1. Black Coral
When I cry the silent tears
an angel comes in the form of a white bull
and puts them in a wine bottle,
In time we know no difference,
all the little pains forgotten,
the needles in the back, the spear
through the cheek, scars on top of scars,
each pain a death.
No light bursts through the crystal
at the end of the black rainbow.
The water is on fire!
The longing for darkness
brings on this rage.
In words I barely understand
you say, “I am midnight,
and I will be wearing a red cape.”
It is so simple.
My eyes sting, now I am blind.
Last night’s dream—the sea again:
swallowing long red waves,
clinging to a grey stone the size of a human.
What is heard?
The manta rises in the mid-day sun;
the giant shadow lingers beneath the boat.
Blue. Blue. Blue. Blue.
The sound of pebbles rolling in the streambed.
The roadsign flashes in the sunlight:
nearby several cars wait,
and the children, dressed in black,
walk toward them. The cars have wings
and painted stars on their doors.
When I arrive a sheet is being
draped over the statue in the plaza,
and the white bull, that playground wanderer,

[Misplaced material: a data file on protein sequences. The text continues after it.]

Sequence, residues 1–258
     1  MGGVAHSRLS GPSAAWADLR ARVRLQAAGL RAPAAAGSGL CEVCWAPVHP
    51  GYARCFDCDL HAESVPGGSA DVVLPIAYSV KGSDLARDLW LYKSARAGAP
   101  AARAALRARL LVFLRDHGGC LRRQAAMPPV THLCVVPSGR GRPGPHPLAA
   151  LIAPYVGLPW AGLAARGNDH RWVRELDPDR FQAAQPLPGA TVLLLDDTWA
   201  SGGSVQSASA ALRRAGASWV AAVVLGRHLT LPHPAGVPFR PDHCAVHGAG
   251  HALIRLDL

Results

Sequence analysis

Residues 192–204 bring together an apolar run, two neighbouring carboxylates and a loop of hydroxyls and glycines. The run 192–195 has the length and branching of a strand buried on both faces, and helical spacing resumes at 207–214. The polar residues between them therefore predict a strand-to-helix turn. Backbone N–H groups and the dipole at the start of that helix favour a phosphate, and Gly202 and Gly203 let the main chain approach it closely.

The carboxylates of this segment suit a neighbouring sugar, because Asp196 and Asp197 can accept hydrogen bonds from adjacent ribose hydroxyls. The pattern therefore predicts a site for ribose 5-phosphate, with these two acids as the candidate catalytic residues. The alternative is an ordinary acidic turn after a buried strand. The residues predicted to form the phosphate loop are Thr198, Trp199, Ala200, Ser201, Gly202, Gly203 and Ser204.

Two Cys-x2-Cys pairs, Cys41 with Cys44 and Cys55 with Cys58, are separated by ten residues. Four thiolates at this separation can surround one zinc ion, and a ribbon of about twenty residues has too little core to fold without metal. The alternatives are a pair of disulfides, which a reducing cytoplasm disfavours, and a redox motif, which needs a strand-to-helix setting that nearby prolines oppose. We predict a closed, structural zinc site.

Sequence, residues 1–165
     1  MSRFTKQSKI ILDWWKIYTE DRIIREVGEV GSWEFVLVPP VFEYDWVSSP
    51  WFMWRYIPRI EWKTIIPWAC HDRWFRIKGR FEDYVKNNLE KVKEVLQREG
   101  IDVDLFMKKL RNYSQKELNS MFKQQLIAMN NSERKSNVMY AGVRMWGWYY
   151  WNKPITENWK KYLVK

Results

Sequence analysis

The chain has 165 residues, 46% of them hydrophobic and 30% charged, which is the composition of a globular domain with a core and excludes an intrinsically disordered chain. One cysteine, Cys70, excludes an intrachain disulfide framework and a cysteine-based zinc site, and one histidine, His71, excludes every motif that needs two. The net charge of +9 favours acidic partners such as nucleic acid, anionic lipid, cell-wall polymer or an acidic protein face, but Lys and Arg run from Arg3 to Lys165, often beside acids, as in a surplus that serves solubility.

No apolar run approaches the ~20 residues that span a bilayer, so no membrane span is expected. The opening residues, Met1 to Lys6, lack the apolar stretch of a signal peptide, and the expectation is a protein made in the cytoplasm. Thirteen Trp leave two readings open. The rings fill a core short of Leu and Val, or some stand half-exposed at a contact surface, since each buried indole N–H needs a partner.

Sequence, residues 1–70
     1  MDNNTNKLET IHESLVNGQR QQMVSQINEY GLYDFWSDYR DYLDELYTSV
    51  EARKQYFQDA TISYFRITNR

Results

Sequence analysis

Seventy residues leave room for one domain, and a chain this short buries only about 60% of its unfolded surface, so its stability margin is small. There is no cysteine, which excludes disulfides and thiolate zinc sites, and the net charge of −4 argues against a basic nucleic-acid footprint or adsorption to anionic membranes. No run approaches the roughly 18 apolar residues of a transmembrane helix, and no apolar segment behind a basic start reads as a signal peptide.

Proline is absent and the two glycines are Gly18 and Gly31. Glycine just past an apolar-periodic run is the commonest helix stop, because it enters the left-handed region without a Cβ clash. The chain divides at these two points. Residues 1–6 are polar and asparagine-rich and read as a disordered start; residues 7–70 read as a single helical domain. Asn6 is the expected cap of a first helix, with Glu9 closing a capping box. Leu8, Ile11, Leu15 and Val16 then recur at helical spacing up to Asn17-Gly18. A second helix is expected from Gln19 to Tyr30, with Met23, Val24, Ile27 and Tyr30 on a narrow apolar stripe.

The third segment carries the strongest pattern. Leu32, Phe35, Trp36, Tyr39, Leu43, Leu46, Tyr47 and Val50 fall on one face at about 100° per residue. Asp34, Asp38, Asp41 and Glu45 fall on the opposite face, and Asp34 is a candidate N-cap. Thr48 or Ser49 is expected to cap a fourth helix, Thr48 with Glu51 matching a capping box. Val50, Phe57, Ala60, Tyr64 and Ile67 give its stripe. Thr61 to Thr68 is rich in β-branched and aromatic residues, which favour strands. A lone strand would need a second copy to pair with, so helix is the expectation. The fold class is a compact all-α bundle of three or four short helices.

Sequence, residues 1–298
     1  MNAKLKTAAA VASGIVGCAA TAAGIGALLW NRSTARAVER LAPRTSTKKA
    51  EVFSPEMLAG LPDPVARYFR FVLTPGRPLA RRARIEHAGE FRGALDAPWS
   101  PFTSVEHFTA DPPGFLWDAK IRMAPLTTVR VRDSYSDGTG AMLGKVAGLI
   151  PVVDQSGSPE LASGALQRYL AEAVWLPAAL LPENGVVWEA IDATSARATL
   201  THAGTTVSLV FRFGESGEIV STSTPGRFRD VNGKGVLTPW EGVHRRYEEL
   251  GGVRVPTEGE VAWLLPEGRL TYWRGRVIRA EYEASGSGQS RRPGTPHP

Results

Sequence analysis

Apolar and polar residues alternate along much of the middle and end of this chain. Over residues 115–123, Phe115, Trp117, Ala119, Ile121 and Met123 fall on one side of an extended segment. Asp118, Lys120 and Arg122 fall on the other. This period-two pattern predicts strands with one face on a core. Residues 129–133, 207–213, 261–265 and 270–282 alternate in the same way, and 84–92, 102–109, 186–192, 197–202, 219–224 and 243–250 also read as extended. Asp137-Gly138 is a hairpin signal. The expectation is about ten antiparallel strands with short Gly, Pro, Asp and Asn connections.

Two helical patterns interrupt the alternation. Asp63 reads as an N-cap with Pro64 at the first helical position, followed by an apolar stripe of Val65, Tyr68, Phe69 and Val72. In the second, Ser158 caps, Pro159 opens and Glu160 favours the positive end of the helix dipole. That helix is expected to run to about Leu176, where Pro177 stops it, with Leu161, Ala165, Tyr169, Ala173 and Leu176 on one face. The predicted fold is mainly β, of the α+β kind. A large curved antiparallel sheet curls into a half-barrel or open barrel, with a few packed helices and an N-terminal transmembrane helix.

stands quiet and alone in his pen.
2. Swimming to the Rock
The ocean’s surface is a ceiling of glare.
A friend approaches first, perhaps ten yards away from me.
Through my mask I watch a wave break on the rock.
The white water runs off, and for an instant
the friend is silhouetted against the white effervescence
with the cetacean rock behind.
He is floating—completely still.
Then the scene changes—white gives way to blue,
and I raise my head for air.
3. Goodbye to the Jeweled Curtain
You twist the handkerchief into ashes of rose.
My arms are weightless in the wind—
like the kisses which eventually
settle near a deep bay in a distant land.
White flowers are floating in the wine,
but the glass changes colors as I lift it.
In the other hand is the silent gem
which begins to glow when my eyes close.
You walk into the room with an empty basket
and say, “Let’s pick berries.” I know
they are on the path to the reflecting pool.
The next room is called night vision—
all its lights are red.
The angled rays of light seem to pierce the stained glass.
You ask why the windows are gray.
The hoarse sound of a car charging up a hill—
I sit in a pew and watch the lonely women.
You talk about a canoe filled with fish
you caught but could not give away.
I pass through the crowd holding a white ring.
So it is we all come back to this:
after three estranged years we have found our separate ways
to this place: the cross
on the tower aligned just to the right of the old house.
Of course it is daylight.
Outside, you embrace your son
as if for the first time.